On shore there’s hiking and biking, or just taking a stroll on the striking black sand beaches. The Bureau of Land Management (BLM) provides beach access (Lost Coast Trail), parking and incredible views at Black Sand Beach Trailhead in addition to restrooms and interpretive panels.
Staying over? Would you like an ocean front room? There’s plenty to choose from. Several vacation rentals are available around the Cove.
For pilots, Shelter Cove offers a 3,400-foot runway. A nine hole golf course is available for the intrepid golfer. The community center includes Abalone Hall, 1,200 square feet of venue with a full kitchen available for rent, a bocce ball court, basketball hoop, a sports lawn for volleyball and croquet, and two horseshoe pits. (The District also provides horseshoes, bocce balls, basketballs, volleyballs, and croquet sets.) And don’t forget the playground across the parking lot from the fire station for the kids. A well-stocked general store has just about anything a picnicker, camper, hiker or fisherman might need.
The RV park and campground is located in the heart of Shelter Cove, offering a mini-market, full deli, a music pavilion, pull-through RV sites and campsites. There's handy access to the boat launch area, Mal Coombs Park and the relocated Cape Mendocino Lighthouse. The lighthouse, originally situated 30 miles north was moved to the Cove and restored in 1998. Tours are available on summer weekends. Mal Coombs Park is managed by the BLM and provides paved parking, picnic tables, barbecues and restrooms. Barbecues and group picnic tables are available to be reserved for large gatherings by contacting BLM. Mal Coombs also provide easy beach and tide pool access via a set of sturdy stairs. The magnificent King Range National Conservation Area includes and surrounds the Cove. The King Range encompasses over 68,000 acres of public land that offers a diverse mix of recreation and wilderness opportunity including the Lost Coast Trail (part of the California Coastal Trail). Visitors to the King Range can hike to the summit of King Peak and look out over the ocean at 4,088 feet and ride their mountain bikes on the Paradise Royale and Pacific Rim Trails. Developed campgrounds for tent and trailer camping (less than 24 feet), interpretive trails and wildlife viewing areas complement the visitor's experience in the King Range. So many opportunities to explore the outdoors!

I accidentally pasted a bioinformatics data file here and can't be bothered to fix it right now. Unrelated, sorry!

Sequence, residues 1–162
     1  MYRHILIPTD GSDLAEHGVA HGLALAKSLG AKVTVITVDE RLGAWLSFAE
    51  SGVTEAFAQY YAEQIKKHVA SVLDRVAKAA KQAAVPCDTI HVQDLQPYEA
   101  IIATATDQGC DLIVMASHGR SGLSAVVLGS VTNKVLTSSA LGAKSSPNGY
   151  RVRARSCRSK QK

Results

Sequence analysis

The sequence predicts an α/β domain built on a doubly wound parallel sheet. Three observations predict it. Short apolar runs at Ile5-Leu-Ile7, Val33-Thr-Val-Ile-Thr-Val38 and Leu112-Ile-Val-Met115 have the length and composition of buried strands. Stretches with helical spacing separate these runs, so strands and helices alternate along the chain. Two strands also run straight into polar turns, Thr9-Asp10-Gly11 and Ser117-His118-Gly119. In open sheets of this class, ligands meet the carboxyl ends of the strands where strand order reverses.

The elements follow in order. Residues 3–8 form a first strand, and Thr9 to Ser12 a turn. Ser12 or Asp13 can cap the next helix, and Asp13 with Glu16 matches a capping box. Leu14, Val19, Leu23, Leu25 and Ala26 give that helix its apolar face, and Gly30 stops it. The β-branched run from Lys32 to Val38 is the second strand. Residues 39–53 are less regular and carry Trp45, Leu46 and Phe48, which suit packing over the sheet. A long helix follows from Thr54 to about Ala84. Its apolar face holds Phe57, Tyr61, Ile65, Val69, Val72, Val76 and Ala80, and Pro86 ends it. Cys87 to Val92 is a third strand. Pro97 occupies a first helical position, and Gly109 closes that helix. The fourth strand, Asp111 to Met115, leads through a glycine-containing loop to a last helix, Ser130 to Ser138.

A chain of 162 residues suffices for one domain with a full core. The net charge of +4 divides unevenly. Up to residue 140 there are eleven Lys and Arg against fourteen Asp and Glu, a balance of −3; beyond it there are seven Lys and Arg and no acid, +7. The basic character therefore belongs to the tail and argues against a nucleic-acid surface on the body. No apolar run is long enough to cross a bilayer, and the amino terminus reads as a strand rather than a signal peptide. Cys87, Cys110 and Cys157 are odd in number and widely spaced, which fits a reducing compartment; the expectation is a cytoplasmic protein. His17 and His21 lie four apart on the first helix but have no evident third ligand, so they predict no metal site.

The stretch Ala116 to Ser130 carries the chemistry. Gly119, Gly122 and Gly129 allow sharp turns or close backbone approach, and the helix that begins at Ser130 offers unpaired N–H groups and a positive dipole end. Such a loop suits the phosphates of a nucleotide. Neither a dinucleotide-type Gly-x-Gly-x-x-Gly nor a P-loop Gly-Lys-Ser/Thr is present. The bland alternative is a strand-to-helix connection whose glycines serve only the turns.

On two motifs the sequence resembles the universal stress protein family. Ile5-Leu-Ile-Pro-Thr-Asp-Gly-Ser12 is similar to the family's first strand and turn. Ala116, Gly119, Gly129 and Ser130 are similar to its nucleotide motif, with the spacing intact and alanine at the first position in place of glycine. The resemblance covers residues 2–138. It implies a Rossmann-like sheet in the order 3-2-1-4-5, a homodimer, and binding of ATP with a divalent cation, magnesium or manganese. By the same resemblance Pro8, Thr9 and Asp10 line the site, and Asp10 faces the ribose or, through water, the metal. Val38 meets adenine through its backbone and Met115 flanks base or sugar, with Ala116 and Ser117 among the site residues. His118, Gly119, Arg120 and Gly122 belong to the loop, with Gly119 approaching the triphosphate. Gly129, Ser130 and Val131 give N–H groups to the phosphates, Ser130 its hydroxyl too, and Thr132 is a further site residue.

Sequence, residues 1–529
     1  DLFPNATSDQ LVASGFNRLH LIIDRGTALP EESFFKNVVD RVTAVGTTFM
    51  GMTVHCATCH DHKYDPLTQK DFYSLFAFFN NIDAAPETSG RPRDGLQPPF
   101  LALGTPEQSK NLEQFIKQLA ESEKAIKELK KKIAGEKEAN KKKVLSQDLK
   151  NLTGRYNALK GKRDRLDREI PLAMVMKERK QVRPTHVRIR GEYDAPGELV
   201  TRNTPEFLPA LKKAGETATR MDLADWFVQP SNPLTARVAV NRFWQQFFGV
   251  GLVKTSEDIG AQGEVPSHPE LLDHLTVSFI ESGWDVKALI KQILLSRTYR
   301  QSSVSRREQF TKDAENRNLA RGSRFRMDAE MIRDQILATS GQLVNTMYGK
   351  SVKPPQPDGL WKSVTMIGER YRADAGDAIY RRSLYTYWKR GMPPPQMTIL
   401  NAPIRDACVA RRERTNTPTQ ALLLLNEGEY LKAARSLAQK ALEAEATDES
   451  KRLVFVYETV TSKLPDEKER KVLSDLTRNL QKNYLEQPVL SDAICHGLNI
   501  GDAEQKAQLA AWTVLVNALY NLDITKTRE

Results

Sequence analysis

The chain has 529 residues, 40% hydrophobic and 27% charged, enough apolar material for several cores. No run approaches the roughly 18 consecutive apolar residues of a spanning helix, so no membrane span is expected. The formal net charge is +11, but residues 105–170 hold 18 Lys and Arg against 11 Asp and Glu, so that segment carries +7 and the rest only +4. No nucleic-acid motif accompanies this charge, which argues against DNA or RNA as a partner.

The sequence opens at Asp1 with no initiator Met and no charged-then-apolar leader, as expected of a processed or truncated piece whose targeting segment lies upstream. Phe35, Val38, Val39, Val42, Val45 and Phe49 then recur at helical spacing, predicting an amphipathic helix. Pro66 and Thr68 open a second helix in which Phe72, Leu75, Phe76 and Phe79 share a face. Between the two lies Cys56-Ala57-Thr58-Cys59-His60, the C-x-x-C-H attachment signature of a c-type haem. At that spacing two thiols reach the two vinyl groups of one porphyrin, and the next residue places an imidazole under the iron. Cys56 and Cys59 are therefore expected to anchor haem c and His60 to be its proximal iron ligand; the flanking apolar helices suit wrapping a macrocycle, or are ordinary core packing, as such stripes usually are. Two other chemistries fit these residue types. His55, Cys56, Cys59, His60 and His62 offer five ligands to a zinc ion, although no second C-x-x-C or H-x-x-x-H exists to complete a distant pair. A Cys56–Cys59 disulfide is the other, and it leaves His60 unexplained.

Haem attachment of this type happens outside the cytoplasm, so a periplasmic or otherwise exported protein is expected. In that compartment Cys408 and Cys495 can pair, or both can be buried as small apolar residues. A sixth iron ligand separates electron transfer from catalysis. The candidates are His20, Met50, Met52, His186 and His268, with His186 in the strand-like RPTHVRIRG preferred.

The Lost Coast awaits and getting lost has never been more fun.